Federal Reserve to Take Further Steps to Rejuvenate Economy

(NECN: Peter Howe, Boston) Federal Reserve Chairman Ben S. Bernanke made a rare visit to the Hub Friday, pleasing investors by saying he sees reason for the Fed to take still more steps to push down interest rates and pump up the economy.

"There would appear -- all else being equal -- to be a case for further action,'' Bernanke said at the beginning of a two-day conference at the Federal Reserve Bank of Boston on the challenges fiscal policymakers face when interest rates and inflation are both close to zero.

At the height of the recession, the Fed came to own $1.7 trillion worth of bonds and other investments. In his remarks, Bernanke indicated it may be time for the Fed to do another round of bond-buying to bring down longer-term interest rates. Theoretically that would encourage businesses and homeowners to borrow and spend more and boost the economy.

"Empirical evidence suggests that our previous program of securities purchases was successful in bringing down longer-term interest rates and thereby supporting the economic recovery,'' Bernanke said. "However, possible costs must be weighed against the potential benefits of non-conventional policies.''

"With growth in private (sector) demand having so far proved relatively modest, overall economic growth has been proceeding at a pace that is less vigorous than we would like. In particular, consumer spending has been inhibited by the painfully slow recovery in the labour market,'' Bernanke said.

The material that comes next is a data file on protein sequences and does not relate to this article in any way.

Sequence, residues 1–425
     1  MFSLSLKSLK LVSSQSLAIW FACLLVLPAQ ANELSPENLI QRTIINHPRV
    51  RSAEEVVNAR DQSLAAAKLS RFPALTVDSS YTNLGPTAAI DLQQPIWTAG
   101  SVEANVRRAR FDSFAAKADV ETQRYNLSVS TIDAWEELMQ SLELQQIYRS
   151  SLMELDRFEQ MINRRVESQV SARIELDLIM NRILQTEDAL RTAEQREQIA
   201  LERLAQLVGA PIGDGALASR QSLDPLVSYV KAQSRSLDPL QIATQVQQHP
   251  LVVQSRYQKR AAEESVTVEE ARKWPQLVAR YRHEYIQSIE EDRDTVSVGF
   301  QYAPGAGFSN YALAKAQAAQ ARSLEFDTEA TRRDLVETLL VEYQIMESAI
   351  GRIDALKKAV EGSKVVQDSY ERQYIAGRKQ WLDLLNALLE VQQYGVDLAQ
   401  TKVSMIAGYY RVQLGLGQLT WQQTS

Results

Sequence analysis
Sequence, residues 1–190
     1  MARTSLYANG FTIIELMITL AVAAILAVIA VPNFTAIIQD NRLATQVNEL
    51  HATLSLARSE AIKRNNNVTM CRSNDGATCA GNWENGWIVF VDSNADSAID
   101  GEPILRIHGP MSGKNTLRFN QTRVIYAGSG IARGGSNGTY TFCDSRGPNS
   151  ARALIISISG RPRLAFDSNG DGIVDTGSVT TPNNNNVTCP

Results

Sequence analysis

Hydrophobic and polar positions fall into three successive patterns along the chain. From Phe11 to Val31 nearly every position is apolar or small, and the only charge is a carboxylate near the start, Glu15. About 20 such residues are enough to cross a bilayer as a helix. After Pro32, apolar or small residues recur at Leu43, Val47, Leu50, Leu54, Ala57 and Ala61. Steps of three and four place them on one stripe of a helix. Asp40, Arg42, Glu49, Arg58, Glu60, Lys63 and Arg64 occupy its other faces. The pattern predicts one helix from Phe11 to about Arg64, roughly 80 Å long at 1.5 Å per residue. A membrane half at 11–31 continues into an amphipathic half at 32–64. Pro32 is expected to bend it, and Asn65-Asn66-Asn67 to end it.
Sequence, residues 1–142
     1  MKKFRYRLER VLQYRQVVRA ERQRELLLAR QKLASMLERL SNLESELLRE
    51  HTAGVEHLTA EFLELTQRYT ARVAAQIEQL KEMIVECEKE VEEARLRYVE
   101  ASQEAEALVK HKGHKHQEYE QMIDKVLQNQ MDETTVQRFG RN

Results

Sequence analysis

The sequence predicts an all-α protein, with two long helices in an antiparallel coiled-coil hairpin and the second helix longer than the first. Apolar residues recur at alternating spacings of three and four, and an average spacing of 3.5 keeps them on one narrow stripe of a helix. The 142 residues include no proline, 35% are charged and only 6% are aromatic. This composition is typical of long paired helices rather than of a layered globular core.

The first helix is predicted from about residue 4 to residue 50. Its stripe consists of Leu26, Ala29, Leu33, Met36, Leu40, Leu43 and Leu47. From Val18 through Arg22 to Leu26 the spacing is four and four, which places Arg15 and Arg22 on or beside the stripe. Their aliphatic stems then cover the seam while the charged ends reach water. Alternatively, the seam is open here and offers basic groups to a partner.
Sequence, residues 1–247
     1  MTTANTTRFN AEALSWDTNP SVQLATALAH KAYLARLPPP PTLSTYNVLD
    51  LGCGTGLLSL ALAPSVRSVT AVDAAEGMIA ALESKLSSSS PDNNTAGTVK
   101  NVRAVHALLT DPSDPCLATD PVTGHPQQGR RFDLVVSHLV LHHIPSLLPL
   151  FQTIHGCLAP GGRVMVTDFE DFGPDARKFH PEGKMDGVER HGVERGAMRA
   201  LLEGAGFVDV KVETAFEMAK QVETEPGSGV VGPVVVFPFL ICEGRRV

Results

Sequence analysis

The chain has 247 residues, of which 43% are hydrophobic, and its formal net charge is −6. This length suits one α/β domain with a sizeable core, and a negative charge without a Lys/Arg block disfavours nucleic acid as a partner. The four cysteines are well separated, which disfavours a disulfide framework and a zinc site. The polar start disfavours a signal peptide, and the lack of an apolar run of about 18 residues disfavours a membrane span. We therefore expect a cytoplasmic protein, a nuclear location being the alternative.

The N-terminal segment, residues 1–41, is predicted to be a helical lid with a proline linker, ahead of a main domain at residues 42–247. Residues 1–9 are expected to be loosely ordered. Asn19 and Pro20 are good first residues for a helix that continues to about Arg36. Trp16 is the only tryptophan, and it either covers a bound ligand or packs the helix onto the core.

Bernanke spoke at length about how he's concerned inflation right now is actually too low. And he said one of the best things the Fed might be able to do now is -- instead of the usual bland, opaque style of communication called "FedSpeak" -- to state more explicitly just how low the Fed will keep key interest rates and for how long.

"The most recent statements have reflected the (Fed's) anticipation that exceptionally low levels of the federal funds rate are likely to be warranted 'for an extended period,' contingent on economic conditions. A step the Committee could consider, if conditions called for it, would be to modify the language of the statement in some way that indicates that the Committee expects to keep the target for the federal funds rate low for longer than markets expect. Such a change would presumably lower longer-term rates by an amount related to the revision in policy expectations ... Improving the public's understanding of the central bank's policy strategy reduces economic and financial uncertainty and helps households and firms make more-informed decisions. Moreover, clarity about goals and strategies can help anchor the public's longer-term inflation expectations more firmly and thereby bolsters the central bank's ability to respond forcefully to adverse shocks.''

While Bernanke warned unemployment will "persist for some time," his overall outlook is modestly positive. "Although the pace of recovery has slowed in recent months and is likely to continue to be fairly modest in the near term, the preconditions for a pickup in growth next year remain in place. Stronger household finances, a further easing of credit conditions, and pent-up demand for consumer durable goods should all contribute to a somewhat faster pace of household spending.''

With videographer Daniel Ferrigan

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